Wisdom and Crowds, One More Time

October 25, 2009
Posted by Jay Livingston

In the early months of this blog, I had some posts about The Wisdom of Crowds. The argument that James Surowiecki makes in his book of that name is that the collective wisdom of the general public, at least those who are interested in some topic, is superior to that of a few experts. (See this post for an example).

In other posts, I framed the issue as The Wisdom of Crowds vs. The Smart Money, and I wanted to see how the contest played out on the gridiron. Well, not the gridiron exactly, but in the betting about what went on there. My thesis was that the bookies (The Smart Money) were better at predicting outcomes than was the general public. (See here and here.)

Today, the NFL offers us two games that will provide more evidence. In the Steelers-Vikings game, the bookies made the Steelers a 4-point favorite. Since the beginning of the week, the public has been backing the Vikes. Three-fourths of the money has been bet on Minnesota. Usually, that would drive the line lower as bookmakers tried to make Steeler action more attractive in order to balance their books. But instead, the line has gone up to 6. Even with their books heavily weighted with Viking bets, the bookies seem to be asking the public to bet still more on the Vikes.

The Jets-Raiders game later this afternoon has a similar discrepancy. Jets opened as 7-point favorites. Public money came in on the Jets (about two-thirds of all action), but the line went down. Most books have it as 6 ½ or even 6, and it may go even lower by 4 p.m.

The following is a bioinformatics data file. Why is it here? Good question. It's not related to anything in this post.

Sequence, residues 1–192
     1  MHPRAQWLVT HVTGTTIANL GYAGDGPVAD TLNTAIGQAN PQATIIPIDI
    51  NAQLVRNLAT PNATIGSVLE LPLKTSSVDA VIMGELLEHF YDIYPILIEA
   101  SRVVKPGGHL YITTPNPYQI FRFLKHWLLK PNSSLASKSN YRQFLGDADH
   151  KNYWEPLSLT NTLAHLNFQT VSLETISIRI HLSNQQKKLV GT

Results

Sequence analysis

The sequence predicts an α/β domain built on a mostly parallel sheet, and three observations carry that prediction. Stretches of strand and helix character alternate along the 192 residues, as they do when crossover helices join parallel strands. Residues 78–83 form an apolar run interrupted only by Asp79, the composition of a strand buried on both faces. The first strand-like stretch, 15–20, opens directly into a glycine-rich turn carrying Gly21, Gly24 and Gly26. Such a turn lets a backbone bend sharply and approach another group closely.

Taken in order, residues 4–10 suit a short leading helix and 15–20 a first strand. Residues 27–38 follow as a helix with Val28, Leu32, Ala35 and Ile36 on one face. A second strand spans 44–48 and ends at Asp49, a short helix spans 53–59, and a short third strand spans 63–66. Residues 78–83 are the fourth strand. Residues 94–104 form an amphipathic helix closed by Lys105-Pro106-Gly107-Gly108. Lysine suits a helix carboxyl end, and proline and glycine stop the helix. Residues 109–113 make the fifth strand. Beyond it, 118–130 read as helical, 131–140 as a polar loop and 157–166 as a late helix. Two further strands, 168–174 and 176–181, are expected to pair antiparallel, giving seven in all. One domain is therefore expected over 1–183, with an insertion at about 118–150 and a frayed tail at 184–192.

In both games, the bookies were responding not to the wisdom of the crowd but to the wisdom of a small number of sharp bettors, i.e, smart money.

If you follow the smart money, take the Steelers minus 6 (less, if you can find it) and Oakland plus as many as you can get (one online book still has them at 7). On the other side, the crowd, in its wisdom, 1) loves Bret Favre, and 2) doesn’t see how anyone can ever bet on the Raiders.

Sociologists, of course, will back the team whose head coach was a sociology major. Go Steelers!

(Mike and Ben having a chuckle over a basic flaw in Parsons' Social System.)

UPDATE: The Steelers won and covered, thanks to a couple of turnarounds by the defense. Twice, the Vikings looked certain to score only to have the great Bret Favre fumble or toss an interception that the Steelers returned for a TD. The smart money on the Raiders didn't look so smart. The Jets won easily, 38-0.


PCM said...

A more cynical person would see it clearly as a sign that the fix is in.

Jay Livingston said...

The payoff would have to be incredibly high for an NFL player to risk a job that pays several million per year. Now if you saw the same pattern in a college game, especially with a player who didn't have a good chance of getting into the NFL, it might be another matter.

PCM said...

Don't forget about the refs.

But yeah, you're probably right (I'm not *that* cynical). Still, let's see who wins and how and by how much. I'd be most suspicious if the favored teams win by less than the point spread.